Why is getting good schools so hard?. Dylan Wiliam. www.dylanwiliam.net. Outline. Do we really need to improve our schools? What kinds of schools do we need? What makes a difference to student achievement?. Science. Design. Overview: Science and Design.
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Why is getting good schools so hard?
We need to improve student achievement
This requires improving teacher quality
Improving the quality of entrants takes too long
So we have to make the teachers we have better
We can change teachers in a range of ways
Some will benefit students, and some will not.
Those that do involve changes in teacher practice
Changing practice requires new kinds of teacher learning
And new models of professional development.
Autor, Levy & Murnane(2003)
Economic Policy Institute(2010)
So the model that says learn while you’re at school, while you’re young, the skills that you will apply during your lifetime is no longer tenable. The skills that you can learn when you’re at school will not be applicable. They will be obsolete by the time you get into the workplace and need them, except for one skill. The one really competitive skill is the skill of being able to learn. It is the skill of being able not to give the right answer to questions about what you were taught in school, but to make the right response to situations that are outside the scope of what you were taught in school. We need to produce people who know how to act when they’re faced with situations for which they were not specifically prepared. (Papert, 1998)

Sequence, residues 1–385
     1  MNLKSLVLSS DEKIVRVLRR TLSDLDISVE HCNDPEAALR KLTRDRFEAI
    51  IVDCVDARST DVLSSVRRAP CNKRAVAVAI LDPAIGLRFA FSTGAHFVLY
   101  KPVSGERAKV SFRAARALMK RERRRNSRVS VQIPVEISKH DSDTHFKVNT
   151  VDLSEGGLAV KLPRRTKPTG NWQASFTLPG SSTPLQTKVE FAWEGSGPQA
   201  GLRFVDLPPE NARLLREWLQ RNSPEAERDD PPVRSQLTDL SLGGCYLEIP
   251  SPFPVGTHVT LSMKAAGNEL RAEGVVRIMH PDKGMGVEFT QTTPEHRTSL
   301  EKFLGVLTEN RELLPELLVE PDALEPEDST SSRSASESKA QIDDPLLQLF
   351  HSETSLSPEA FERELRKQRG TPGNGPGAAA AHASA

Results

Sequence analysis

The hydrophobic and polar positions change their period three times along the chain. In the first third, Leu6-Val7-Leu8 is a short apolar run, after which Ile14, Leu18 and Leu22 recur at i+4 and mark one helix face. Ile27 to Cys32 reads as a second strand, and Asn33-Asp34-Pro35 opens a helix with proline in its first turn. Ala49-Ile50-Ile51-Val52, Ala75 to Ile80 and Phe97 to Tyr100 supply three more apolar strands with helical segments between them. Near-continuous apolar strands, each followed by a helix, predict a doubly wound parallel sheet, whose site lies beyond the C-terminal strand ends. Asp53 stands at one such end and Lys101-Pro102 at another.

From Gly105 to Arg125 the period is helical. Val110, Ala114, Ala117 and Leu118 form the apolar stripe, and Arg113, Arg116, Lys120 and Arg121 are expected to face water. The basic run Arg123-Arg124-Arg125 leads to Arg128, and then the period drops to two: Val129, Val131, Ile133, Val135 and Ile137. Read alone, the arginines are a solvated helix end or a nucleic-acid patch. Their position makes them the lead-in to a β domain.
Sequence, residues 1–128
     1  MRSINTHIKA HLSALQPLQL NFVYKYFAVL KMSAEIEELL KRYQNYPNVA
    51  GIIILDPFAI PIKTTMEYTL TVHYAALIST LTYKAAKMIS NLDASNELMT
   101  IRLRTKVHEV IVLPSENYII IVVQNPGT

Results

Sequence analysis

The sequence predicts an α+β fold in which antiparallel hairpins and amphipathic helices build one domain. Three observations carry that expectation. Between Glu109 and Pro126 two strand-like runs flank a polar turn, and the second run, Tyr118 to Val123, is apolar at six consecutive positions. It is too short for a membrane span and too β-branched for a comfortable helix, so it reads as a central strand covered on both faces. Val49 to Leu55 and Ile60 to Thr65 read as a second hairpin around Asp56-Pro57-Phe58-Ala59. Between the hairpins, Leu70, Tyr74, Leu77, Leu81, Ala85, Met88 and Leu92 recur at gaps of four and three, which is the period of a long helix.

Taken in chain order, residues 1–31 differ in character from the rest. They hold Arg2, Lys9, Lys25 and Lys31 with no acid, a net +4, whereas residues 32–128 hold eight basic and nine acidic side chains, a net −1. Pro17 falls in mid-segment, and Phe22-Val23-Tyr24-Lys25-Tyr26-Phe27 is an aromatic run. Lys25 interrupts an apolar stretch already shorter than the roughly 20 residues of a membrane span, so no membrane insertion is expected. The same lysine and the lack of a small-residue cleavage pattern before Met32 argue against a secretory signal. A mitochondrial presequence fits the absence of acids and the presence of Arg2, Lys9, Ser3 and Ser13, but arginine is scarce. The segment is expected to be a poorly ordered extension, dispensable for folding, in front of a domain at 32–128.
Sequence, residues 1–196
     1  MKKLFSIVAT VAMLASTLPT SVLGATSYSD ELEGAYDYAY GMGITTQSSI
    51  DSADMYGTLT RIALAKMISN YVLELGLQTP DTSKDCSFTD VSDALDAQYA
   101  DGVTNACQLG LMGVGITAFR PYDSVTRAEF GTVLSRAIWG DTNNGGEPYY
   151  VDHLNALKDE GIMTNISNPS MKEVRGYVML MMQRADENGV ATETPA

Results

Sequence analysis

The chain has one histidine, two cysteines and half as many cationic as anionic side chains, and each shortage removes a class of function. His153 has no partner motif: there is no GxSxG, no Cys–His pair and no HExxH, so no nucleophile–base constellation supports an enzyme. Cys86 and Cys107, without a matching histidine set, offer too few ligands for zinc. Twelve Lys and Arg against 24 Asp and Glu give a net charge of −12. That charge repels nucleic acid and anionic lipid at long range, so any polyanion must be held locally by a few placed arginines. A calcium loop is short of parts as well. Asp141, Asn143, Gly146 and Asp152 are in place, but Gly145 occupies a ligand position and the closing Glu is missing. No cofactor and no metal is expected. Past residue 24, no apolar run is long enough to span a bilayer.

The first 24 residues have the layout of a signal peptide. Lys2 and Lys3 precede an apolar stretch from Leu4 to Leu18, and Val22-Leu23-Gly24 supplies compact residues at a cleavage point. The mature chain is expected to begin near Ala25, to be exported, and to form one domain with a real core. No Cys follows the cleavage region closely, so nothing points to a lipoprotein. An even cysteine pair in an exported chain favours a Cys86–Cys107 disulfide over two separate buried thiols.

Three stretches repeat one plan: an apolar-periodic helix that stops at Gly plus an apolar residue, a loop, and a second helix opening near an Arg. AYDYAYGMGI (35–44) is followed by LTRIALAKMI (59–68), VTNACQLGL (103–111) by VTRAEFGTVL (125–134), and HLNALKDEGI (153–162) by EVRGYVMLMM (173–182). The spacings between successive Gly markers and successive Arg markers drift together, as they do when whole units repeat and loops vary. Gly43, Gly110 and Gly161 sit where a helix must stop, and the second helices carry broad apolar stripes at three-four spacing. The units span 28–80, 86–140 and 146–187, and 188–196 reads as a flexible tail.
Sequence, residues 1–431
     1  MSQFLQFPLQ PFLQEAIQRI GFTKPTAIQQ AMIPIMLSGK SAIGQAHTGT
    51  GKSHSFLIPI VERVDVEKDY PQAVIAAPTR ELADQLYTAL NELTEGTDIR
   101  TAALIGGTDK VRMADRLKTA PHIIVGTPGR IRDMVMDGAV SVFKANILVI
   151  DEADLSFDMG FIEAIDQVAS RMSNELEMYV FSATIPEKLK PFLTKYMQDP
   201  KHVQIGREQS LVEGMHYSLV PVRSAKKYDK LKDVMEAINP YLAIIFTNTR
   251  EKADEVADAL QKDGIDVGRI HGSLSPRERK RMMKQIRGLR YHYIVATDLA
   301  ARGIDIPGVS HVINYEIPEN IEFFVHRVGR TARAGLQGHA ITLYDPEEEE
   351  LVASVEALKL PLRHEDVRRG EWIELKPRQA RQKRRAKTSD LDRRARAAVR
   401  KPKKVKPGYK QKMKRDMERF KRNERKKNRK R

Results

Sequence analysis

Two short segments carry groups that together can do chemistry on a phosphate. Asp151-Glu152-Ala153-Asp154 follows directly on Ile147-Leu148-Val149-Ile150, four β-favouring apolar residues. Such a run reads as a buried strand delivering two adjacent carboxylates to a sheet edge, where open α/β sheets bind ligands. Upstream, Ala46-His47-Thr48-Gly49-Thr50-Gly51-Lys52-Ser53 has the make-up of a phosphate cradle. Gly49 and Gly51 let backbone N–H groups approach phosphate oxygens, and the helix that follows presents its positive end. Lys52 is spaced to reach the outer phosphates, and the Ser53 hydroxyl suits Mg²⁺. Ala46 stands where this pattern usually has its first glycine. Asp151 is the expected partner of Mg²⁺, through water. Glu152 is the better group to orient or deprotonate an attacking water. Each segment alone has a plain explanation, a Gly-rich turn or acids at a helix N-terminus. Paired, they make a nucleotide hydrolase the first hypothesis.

The test of successful education is not the amount of knowledge that a pupil takes away from school, but his appetite to know and his capacity to learn. If the school sends out children with the desire for knowledge and some idea how to acquire it, it will have done its work. Too many leave school with the appetite killed and the mind loaded with undigested lumps of information. The good schoolmaster is known by the number of valuable subjects which he declines to teach.
The Future of Education (Livingstone, 1941 p. 28)
Three generations of school effectiveness research:
OECD PISA data from McGaw, 2008
(Hanushek & Rivkin, 2006)
(Hamre & Pianta, 2005).
(Leigh, 2007, 2010)
Using evidence of achievement to adapt what happens in classrooms to meet learner needs
So much for the easy bit